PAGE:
Three Cups of Tea by Greg Mortenson has been selected for the 2009-2010 ISU Reading Project. Everyone on campus reads the same book, and discussions, lectures, author presentations are available for all to attend. Find out more information here. The library will have multiple copies of the book sometime in the future. This will be the 6th annual reading project.
Archive for April, 2009
The library will be open longer hours during final exam week, May 3-8, for your studying needs.
Sunday, May 3, 12:00 p.m.-1:00 a.m.,
Monday-Thursday, May 4-7, 7:15 a.m. to 1:00a.m.,
Friday, May 8, 7:15 a.m.- 6:00 p.m.,
Saturday & Sunday, May 9-10 CLOSED
All Library Materials Are Due Friday, May 8.
Depending on whether you are studying alone or with a group, there are many different study areas available on all floors of the library. Here is some additional information on Library study spaces.
The Library offers four group study rooms, three on the second floor and one on the first floor, for use by two or more University-affiliated patrons. Rooms may be reserved for two one-hour blocks per person, up to one week in advance. Reservations can be made in person at the Circulation Desk or by telephone at (208) 282-3248.
Carrels for individual study and tables for group study are available throughout the library. Specific areas of the Oboler Library have been designated as quiet study spaces. The Law Library, the Periodicals stacks, and the Government Document stacks are intended for quiet study only.
A new page has been added to the Library’s website. This page includes links to the library tutorials (A-Z Journal List, finding dissertations, requesting articles, academic integrity, plagiarism, search path tutorial of research tips, and more), which we anticipate we will continue to develop:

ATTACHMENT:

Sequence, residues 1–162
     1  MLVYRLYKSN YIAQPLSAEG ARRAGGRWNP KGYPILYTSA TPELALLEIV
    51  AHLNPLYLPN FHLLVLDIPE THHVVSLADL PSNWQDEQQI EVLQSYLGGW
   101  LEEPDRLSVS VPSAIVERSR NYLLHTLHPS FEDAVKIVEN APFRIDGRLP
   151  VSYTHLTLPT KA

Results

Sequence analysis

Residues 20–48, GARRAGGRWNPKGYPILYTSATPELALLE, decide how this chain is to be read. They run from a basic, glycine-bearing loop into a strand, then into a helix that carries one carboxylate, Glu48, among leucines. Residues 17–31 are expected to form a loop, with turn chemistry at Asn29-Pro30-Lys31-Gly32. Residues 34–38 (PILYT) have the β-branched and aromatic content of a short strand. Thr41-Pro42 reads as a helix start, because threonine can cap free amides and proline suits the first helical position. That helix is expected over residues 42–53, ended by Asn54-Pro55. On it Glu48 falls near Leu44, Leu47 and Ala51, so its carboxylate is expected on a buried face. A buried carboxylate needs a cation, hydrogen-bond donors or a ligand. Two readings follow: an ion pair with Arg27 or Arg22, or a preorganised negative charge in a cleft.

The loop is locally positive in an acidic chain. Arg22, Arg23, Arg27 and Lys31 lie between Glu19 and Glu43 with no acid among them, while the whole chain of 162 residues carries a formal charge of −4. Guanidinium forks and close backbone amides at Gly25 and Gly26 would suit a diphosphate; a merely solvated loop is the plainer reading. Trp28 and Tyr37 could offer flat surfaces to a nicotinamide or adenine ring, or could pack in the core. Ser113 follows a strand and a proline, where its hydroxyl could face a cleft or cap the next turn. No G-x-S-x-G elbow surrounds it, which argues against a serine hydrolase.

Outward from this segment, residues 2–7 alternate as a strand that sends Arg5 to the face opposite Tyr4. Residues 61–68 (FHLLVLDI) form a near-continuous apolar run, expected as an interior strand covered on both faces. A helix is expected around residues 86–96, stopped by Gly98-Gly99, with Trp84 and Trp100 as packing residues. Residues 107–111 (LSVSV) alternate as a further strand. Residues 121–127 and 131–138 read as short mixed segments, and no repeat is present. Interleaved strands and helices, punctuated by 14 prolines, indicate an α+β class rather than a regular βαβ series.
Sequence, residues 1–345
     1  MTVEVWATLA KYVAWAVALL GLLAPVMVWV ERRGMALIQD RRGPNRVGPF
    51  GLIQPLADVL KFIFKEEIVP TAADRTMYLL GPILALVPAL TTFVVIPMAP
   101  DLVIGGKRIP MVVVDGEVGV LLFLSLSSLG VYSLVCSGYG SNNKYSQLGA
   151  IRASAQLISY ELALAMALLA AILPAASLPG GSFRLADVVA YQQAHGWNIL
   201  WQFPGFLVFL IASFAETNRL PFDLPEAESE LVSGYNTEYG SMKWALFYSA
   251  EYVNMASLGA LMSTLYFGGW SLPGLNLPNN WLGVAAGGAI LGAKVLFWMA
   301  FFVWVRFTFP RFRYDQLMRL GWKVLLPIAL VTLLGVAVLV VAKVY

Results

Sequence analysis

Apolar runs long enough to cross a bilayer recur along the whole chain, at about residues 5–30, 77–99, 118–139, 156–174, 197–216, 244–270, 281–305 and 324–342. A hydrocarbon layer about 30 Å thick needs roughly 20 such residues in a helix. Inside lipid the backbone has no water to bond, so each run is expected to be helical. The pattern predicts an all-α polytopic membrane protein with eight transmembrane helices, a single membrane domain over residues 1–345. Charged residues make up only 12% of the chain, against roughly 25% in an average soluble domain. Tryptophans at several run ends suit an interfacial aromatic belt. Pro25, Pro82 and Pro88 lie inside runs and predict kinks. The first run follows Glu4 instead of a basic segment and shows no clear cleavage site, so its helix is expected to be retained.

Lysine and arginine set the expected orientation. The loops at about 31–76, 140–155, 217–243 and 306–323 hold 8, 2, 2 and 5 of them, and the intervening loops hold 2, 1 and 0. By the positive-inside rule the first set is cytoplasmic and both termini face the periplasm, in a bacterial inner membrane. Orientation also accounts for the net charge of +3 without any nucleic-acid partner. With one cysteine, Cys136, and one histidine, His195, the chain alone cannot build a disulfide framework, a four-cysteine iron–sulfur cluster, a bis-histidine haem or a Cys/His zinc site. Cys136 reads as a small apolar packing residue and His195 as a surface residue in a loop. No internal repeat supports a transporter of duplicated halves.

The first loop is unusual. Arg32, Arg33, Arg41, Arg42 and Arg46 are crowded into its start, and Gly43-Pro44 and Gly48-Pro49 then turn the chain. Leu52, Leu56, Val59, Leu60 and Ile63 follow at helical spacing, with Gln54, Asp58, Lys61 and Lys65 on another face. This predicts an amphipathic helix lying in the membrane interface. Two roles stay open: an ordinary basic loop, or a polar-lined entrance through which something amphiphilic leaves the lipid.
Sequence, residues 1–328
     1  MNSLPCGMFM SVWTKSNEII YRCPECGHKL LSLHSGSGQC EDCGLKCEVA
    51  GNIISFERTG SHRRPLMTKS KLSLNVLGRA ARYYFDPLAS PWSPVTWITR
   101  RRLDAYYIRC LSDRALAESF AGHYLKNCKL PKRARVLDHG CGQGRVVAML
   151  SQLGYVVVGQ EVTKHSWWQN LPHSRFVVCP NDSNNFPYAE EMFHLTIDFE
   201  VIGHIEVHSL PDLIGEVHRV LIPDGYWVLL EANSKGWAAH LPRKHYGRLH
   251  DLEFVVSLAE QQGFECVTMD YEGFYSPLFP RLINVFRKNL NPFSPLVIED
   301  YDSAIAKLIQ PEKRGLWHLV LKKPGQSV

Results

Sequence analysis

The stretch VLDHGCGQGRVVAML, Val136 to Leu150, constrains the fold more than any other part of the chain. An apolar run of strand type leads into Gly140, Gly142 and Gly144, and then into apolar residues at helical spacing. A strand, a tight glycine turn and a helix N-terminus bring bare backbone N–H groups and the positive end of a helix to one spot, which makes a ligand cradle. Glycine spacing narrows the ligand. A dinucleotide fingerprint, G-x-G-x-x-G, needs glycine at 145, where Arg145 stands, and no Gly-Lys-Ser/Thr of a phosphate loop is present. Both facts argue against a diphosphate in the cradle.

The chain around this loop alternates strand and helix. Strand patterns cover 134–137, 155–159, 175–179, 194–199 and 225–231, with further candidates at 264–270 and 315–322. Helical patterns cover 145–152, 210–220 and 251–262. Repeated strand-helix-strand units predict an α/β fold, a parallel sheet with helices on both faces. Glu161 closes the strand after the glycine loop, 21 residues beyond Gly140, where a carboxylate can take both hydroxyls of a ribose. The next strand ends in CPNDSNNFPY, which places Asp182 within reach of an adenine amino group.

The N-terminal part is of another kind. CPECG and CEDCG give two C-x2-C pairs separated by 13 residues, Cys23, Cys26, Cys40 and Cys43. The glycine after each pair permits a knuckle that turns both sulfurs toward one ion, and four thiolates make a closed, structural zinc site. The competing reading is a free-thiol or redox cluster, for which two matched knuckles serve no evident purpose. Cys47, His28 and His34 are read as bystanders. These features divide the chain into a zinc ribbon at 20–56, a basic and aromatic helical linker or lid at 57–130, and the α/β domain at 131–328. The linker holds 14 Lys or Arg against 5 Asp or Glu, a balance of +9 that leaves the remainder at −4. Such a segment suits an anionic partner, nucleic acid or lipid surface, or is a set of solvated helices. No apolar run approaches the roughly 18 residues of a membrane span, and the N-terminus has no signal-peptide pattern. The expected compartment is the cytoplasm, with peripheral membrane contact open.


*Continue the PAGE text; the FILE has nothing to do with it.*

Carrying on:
Three Oboler Library staff members are published in the new issue of Idaho Librarian, a publication of Idaho Library Association.
Cathy Gray, Librarian at the University Library Center in Idaho Falls, has an article titled: “Conference Planning: What Does it Take?” If you’ll be putting on a conference, you’ll want to learn some of the good ideas mentioned here.
Regina Koury, Electronic Resource Librarian, wrote the article “Interview with James Teliha, Associate University Librarian for Public Services at ISU.” It’s an interesting article about the professional involvements of our Associate University Librarian, Public Services, whom you may have met out at the reference desk, or elsewhere in the library.
Joan Juskie, Library Assistant in Serials, and editor of Library News wrote a review of the book Backcountry Roads Idaho. If you’re looking at taking some interesting trips in Idaho, you’ll want to take a look at this review and book. Look for it in our catalog.
Citations driving you crazy with all the term papers coming due? Check out the link on the library web page for citation help with APA Style, Chicago Style, MLA Style and other styles. The Idaho Health Science Library has some good links to citations for APA and AMA also. When consulting online guides you will need to be careful noting when they were updated to reflect the latest citation style manual.
Here’s your chance for a perfect ending to National Poetry Month. Listen to KISU radio (91.1 FM) on Wednesday April 29, at 9 p.m. and you will hear a number of local poets reading their work for National Poetry Month. They will also be reading their Old Town Literary Paver poems. This Pocatello Arts Council Project project carved local poet’s poems into paver rock, and placed them downtown on Main, Arthur, and some side streets. Find a list of the pavers here. Their web page also has a feature where you can see and enlarge each of the pavers.